NASA reveals all first images from the telescope

After a first photo was released the day before, NASA on Tuesday revealed all of the first images from the most powerful space telescope ever designed, James Webb, images that mark the beginning of its scientific operations.

These operations have been anticipated for years by astronomers around the world. On the program of a live hour in which the images were revealed one after the other: two nebulae illustrating the life cycle of stars, an exoplanet and a compact cluster of galaxies.

“Each image is a new discovery,” said Nasa boss Bill Nelson at the beginning. “Each will give humanity a view of the universe we have never seen before.”

A first image from the telescope, illustrating the distant ages of the cosmos, was unveiled on Monday in the presence of US President Joe Biden, who hailed a “historic” moment.

Galaxies 13 billion years old

The detailed image shows galaxies that formed shortly after the Big Bang more than 13 billion years ago.

Indeed, one of the primary missions of James Webb, a $10 billion engineering gem and the most powerful space telescope ever designed, is to explore the very young Universe. This first demonstration should give an overview of its capabilities in this area.

But it was just one of five destinations announced by NASA for this real surprise bag, which officially marks the beginning of the telescope’s scientific observations and whose contents have so far been carefully kept secret to build suspense.

Below: the images of two nebulae, very photogenic and gigantic clouds of gas and dust.

About 7,600 light-years away, the Carina Nebula illustrates star formation. It hosts many masses several times the size of our sun.

The Southern Ring Nebula is a so-called planetary nebula (though it has nothing to do with planets): it’s a huge cloud of gas surrounding a dying star.

Another target: Stephan’s quintet, a group of interacting galaxies.

Scientific Adventure

The latest cosmic object whose observation was revealed on Tuesday is an exoplanet, ie a planet orbiting a different star than our sun, one of James Webb’s main lines of research.

It was not actually photographed but analyzed by spectroscopy, a technique used to determine the chemical composition of a distant object. In this case WASP-96 b, a giant planet composed mostly of gas.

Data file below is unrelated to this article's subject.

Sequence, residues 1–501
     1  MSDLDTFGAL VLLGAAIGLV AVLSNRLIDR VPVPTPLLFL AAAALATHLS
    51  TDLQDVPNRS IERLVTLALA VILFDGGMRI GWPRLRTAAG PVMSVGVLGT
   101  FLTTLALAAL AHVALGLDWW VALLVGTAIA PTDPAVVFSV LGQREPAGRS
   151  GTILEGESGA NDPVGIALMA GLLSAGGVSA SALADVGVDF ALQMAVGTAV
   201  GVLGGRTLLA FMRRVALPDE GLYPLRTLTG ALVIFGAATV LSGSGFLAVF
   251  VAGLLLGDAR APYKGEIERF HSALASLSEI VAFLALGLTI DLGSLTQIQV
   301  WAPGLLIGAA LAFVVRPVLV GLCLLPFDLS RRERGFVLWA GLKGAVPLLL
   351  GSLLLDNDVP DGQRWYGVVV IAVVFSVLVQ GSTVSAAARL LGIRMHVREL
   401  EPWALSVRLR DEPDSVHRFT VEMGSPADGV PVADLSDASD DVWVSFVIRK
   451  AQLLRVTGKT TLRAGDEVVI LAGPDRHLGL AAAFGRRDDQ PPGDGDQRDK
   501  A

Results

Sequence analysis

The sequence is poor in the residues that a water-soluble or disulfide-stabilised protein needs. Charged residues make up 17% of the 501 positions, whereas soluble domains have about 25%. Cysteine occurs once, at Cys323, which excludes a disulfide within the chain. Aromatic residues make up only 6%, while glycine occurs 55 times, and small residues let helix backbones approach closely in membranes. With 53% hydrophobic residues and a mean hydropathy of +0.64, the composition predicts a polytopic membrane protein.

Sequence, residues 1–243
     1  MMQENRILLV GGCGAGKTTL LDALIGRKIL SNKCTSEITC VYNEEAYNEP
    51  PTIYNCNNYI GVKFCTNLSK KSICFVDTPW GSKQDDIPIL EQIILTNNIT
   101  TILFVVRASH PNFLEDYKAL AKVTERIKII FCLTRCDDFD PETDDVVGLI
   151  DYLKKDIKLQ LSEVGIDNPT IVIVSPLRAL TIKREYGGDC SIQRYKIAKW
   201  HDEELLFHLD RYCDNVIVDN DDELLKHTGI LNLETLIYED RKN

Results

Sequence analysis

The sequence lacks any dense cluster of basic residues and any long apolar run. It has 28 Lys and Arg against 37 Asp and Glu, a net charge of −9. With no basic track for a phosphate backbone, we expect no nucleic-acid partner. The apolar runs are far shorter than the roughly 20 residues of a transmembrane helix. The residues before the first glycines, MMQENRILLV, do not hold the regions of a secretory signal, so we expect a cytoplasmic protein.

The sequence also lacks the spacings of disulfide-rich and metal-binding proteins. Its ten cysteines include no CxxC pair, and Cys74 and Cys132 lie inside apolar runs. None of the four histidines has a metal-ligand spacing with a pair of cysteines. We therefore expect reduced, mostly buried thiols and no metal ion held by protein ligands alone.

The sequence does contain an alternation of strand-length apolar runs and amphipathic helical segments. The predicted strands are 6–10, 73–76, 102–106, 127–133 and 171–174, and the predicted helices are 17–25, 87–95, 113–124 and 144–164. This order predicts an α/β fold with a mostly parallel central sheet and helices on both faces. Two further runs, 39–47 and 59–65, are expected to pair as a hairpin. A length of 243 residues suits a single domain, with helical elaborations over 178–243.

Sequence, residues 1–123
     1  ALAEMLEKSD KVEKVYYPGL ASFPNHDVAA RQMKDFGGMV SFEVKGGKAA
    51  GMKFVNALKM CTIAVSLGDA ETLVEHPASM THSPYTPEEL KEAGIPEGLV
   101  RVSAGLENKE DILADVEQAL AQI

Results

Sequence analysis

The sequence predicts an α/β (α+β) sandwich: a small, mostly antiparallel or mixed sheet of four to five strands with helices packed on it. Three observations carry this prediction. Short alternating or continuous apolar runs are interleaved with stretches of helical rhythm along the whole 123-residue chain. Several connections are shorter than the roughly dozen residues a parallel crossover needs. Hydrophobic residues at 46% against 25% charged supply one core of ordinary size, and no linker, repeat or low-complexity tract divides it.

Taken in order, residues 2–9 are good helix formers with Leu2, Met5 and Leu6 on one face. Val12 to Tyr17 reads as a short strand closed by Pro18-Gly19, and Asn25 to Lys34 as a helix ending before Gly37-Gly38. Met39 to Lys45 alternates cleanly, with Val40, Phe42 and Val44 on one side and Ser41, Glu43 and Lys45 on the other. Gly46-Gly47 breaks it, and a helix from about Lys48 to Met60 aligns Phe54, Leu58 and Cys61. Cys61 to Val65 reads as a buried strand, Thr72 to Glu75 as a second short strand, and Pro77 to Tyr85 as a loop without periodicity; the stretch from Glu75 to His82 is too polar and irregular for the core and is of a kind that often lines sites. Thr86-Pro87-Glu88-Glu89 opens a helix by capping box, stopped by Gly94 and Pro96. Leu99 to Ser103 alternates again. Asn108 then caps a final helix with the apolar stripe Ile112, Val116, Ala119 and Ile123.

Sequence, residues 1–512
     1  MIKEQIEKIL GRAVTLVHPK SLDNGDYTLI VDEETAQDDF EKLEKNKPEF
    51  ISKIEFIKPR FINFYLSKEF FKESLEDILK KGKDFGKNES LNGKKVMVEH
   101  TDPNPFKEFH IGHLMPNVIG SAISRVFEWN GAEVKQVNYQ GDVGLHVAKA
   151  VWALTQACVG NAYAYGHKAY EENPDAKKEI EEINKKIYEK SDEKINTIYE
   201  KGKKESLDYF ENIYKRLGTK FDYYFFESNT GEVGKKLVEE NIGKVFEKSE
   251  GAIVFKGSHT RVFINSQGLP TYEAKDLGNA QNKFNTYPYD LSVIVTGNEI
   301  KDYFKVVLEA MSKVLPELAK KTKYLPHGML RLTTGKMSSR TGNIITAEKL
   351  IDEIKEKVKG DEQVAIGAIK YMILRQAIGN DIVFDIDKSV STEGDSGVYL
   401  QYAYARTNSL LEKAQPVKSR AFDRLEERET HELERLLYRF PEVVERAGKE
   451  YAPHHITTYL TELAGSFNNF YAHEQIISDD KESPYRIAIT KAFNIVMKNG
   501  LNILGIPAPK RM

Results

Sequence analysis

By combining the data previously obtained thanks to other telescopes and those of James Webb, “we will probably be able to detect water vapor” in its atmosphere, estimated with AFP José A. Caballero, astronomer at the Centro de Astrobiologia in Spain and specialist in exoplanets.

This data “will be interesting for me to see the capabilities of the telescope and instruments,” he added, although he thinks this first exoplanet is a bit “boring” and is focusing on smaller and less hot ones.

James Webb was launched about six months ago, on Christmas Day, from French Guiana on an Ariane 5 rocket, the result of a major international collaboration and in the works since the 1990s, located 1.5 million kilometers from away from the earth.

The release of these first images marks the beginning of an immense scientific adventure that would span many years and transform our understanding of the universe.

Researchers around the world have reserved observing time with James Webb, whose program for the first year of operation has already been carefully defined and published by a panel of experts.

The telescope has enough fuel for 20 years of operation. About 20,000 people around the world worked on this project, which led to enormous international collaboration.


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